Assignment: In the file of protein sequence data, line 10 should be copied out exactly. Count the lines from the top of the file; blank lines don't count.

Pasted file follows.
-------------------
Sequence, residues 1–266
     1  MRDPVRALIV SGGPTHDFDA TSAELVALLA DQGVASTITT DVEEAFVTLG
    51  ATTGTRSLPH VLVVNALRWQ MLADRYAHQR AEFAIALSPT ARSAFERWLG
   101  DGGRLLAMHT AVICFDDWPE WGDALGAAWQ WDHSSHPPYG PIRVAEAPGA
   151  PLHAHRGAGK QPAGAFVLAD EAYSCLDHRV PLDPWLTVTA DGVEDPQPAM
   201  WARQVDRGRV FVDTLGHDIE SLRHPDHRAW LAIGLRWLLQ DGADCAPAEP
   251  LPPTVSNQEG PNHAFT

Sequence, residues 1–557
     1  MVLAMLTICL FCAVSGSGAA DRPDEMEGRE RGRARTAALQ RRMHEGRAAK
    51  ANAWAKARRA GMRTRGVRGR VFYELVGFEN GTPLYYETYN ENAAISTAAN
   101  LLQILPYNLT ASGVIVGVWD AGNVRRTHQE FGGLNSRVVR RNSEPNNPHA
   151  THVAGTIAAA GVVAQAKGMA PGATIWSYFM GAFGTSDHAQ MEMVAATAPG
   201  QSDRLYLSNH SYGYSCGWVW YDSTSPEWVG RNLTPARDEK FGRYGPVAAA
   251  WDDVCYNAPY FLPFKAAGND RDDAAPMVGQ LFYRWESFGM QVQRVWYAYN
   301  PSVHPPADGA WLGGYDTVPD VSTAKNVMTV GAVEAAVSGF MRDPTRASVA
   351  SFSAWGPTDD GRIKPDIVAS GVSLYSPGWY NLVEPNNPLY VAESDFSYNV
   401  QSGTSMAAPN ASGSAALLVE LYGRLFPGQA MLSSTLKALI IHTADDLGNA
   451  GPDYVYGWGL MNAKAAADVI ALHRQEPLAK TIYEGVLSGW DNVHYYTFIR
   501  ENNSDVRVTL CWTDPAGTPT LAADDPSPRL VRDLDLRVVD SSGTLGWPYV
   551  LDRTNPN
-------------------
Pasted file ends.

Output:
    51  ANAWAKARRA GMRTRGVRGR VFYELVGFEN GTPLYYETYN ENAAISTAAN